Jantar Mantar Delhi Online Ticket Booking & Price
You can save time and avoid the hassles of waiting in long queues to get your entry tickets online here. Ticket Price for Jantar Mantar in Delhi is as follows :
|SAARC and BIMSTEC||Rs 15|
|Video Photography||Rs 25|
The Purpose of Individual Structures
1. Samrat Yantra
The Samrat Yantra, also known as the Supreme Instrument, is an immense triangle functioning as an equal hour sundial. Rising to an impressive height of 70 feet and measuring 114 feet at the base, this instrument has a hypotenuse of 128 feet, parallel to the Earth’s axis and pointing towards the North Pole. It features quadrants with graduations indicating hours, minutes, and seconds. While sundials existed before the Samrat Yantra, this instrument revolutionized celestial measurements, allowing for precise calculations of declination and other coordinates of heavenly bodies. It is considered the world’s largest sundial and can calculate local time with an accuracy of up to two seconds.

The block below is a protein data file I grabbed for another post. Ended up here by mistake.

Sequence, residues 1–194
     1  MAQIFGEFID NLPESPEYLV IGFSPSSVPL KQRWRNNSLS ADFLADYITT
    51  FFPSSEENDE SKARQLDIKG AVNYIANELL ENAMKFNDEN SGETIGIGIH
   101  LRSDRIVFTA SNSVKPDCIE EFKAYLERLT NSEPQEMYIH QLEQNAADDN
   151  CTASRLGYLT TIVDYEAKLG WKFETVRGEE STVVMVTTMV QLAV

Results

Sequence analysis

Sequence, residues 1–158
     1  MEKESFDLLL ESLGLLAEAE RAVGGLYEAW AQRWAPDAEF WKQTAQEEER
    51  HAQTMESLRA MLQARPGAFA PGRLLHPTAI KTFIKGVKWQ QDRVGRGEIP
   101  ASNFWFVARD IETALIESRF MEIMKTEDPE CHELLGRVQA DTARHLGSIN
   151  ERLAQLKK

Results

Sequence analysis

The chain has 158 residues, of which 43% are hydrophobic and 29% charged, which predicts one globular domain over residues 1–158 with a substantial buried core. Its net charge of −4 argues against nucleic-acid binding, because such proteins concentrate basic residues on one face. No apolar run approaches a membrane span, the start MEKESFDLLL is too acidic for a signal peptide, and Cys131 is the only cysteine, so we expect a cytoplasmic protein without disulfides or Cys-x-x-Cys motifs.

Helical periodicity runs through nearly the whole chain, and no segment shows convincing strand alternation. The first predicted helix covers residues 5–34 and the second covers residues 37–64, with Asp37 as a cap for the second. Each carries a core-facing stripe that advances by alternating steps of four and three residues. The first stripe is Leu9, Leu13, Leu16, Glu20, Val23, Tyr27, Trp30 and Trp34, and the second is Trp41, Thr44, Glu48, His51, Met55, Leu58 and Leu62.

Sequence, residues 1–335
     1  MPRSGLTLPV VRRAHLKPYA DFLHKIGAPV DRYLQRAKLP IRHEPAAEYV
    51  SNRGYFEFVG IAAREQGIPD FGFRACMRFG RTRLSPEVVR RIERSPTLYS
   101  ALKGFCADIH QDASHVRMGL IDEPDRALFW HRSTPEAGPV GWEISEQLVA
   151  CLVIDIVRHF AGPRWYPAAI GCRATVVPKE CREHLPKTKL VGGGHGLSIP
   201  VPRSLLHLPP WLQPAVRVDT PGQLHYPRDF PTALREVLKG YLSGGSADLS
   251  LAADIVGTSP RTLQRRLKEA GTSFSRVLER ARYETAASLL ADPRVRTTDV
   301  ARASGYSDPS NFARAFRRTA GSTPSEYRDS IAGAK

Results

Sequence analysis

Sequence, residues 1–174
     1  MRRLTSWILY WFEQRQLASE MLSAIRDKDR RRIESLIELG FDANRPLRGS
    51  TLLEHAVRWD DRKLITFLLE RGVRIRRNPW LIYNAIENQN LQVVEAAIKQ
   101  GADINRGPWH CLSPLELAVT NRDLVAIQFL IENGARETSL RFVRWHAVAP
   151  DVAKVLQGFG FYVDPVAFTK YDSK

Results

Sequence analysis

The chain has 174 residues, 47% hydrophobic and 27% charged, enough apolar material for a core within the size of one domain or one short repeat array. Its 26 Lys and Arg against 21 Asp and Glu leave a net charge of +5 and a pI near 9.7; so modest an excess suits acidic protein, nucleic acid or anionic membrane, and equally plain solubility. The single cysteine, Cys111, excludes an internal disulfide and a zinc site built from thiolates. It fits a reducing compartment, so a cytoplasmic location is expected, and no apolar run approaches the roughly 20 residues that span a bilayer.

2. Jaya Prakash Yantra
The Jaya Prakash Yantra comprises hollowed-out hemispheres with markings on their concave surfaces. Crosswires were stretched between points on their rim. This instrument was designed to help observers align the position of a star with various markings or a window’s edge. Its versatility allows it to provide the coordinates of celestial objects in multiple systems, including the Azimuthal-altitude system and the Equatorial coordinate system, facilitating easy conversation between different celestial systems.
3. Rama Yantra
The Rama Yantra consists of two large cylindrical structures with open tops, enabling the measurement of star altitudes based on the latitude and longitude of the observer on Earth. It served as a valuable instrument for astronomers to determine the position of stars accurately.
4. Misra Yantra